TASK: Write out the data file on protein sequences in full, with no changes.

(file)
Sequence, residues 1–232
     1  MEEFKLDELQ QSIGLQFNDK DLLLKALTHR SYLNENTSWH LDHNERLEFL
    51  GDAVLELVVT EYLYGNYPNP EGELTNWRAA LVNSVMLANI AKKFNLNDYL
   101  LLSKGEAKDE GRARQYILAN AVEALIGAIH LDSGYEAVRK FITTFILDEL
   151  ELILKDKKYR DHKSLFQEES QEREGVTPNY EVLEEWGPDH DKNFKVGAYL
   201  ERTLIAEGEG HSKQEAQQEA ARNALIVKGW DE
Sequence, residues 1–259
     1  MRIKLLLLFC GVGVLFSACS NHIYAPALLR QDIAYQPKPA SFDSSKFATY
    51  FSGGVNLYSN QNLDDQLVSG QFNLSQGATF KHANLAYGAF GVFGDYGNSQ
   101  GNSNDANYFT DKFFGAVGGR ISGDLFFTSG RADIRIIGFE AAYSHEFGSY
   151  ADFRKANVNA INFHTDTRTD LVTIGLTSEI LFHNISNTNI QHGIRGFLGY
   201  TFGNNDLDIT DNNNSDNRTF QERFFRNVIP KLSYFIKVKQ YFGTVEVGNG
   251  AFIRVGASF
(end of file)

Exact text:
Sequence, residues 1–232
     1  MEEFKLDELQ QSIGLQFNDK DLLLKALTHR SYLNENTSWH LDHNERLEFL
    51  GDAVLELVVT EYLYGNYPNP EGELTNWRAA LVNSVMLANI AKKFNLNDYL
   101  LLSKGEAKDE GRARQYILAN AVEALIGAIH LDSGYEAVRK FITTFILDEL
   151  ELILKDKKYR DHKSLFQEES QEREGVTPNY EVLEEWGPDH DKNFKVGAYL
   201  ERTLIAEGEG HSKQEAQQEA ARNALIVKGW DE
Sequence, residues 1–259
     1  MRIKLLLLFC GVGVLFSACS NHIYAPALLR QDIAYQPKPA SFDSSKFATY
    51  FSGGVNLYSN QNLDDQLVSG QFNLSQGATF KHANLAYGAF GVFGDYGNSQ
   101  GNSNDANYFT DKFFGAVGGR ISGDLFFTSG RADIRIIGFE AAYSHEFGSY
   151  ADFRKANVNA INFHTDTRTD LVTIGLTSEI LFHNISNTNI QHGIRGFLGY
   201  TFGNNDLDIT DNNNSDNRTF QERFFRNVIP KLSYFIKVKQ YFGTVEVGNG
   251  AFIRVGASF